Head and neck squamous cell carcinoma (HNSCC), the sixth most common cancer type worldwide, accounts for more than 630,000 new cases and 350,000 deaths annually. Drug-resistance and tumor recurrence are the most challenging problems in head and neck cancer treatment. It is hypothesized that a very small fraction of stem-like cells within HNSCC tumor, called cancer stem cells (CSCs), is responsible for tumor initiation, progression, resistance and recurrence. It has also been shown that IL-6 secreted by head and neck tumor-associated endothelial cells (ECs) enhances the survival, self-renewal and tumorigenic potential of head and neck CSCs. In this study we …

Contributors
Nazari, Fereshteh, Jackson, Trachette L., Jackson, Trachette L., et al.
Created Date
2017

This dissertation will look at large scale collaboration through the lens of online communities to answer questions about what makes a collaboration persist. Results address how collaborations attract contributions, behaviors that could give rise to patterns seen in the data, and the properties of collaborations that drive those behaviors. It is understood that collaborations, online and otherwise, must retain users to remain productive. However, before users can be retained they must be recruited. In the first project, a few necessary properties of the ``attraction'' function are identified by constraining the dynamics of an ODE (Ordinary Differential Equation) model. Additionally, more …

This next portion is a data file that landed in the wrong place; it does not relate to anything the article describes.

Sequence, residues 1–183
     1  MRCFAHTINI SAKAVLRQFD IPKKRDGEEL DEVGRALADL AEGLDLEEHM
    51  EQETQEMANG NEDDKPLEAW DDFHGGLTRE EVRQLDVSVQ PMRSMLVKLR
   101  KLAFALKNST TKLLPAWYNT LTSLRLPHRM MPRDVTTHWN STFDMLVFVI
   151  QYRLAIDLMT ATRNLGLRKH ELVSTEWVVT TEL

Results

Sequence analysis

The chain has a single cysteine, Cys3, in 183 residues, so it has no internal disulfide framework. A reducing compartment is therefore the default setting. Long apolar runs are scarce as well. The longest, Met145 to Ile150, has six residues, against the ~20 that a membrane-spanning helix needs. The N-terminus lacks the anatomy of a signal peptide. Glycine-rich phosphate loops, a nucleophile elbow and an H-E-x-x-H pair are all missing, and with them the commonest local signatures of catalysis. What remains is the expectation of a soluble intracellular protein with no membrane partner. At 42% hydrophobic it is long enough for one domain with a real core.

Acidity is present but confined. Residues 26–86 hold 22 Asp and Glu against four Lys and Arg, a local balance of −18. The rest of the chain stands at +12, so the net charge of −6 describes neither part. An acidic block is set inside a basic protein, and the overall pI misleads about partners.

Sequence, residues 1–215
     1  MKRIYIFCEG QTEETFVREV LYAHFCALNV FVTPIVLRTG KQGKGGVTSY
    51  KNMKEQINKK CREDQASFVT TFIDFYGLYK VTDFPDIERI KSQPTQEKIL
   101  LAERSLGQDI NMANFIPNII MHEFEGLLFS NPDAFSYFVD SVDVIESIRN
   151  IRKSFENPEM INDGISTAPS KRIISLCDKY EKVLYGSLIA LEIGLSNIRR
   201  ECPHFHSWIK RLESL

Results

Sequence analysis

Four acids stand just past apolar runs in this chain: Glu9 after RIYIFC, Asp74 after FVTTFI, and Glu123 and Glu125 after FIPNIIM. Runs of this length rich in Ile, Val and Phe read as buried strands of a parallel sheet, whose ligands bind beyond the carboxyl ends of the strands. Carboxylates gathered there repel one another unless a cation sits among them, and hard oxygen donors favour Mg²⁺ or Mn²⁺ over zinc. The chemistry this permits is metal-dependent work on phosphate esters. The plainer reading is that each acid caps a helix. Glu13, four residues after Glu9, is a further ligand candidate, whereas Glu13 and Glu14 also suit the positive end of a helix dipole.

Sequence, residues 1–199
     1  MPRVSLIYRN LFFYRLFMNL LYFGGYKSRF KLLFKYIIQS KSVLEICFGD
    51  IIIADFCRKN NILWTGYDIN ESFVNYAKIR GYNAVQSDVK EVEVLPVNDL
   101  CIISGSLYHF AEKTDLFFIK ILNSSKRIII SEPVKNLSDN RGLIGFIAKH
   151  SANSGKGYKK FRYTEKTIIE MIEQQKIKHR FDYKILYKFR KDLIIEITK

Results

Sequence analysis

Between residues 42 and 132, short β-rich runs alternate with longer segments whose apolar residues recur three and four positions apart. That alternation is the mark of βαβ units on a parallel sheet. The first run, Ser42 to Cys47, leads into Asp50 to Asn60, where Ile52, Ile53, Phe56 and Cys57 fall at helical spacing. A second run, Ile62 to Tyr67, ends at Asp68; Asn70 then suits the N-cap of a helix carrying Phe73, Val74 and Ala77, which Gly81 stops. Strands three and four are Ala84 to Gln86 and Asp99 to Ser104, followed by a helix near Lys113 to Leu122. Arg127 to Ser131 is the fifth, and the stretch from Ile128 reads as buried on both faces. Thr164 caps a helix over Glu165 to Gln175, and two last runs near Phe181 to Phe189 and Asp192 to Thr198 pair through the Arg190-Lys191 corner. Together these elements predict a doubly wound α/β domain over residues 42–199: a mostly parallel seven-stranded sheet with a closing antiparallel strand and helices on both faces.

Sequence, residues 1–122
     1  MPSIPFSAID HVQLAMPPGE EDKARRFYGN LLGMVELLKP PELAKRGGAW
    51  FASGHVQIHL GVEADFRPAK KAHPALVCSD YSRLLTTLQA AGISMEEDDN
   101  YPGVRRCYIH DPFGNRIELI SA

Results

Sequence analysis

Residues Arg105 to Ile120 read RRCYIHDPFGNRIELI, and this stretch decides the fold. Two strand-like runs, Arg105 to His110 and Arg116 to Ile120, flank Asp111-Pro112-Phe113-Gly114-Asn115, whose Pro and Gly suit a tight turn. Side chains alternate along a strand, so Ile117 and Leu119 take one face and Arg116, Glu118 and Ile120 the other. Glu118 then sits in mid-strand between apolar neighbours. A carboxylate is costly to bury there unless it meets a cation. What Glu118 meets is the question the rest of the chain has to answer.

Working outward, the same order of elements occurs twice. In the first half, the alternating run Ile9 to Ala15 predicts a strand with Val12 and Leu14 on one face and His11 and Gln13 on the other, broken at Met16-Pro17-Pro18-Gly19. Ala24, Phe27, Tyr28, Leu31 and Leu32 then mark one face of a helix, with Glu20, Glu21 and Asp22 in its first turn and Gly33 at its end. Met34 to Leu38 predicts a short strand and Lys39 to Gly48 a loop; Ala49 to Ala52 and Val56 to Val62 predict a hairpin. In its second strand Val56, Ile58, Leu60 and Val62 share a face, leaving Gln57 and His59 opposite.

Contributors
Manning, Miles, Janssen, Marcus A, Castillo-Chavez, Carlos, et al.
Created Date
2017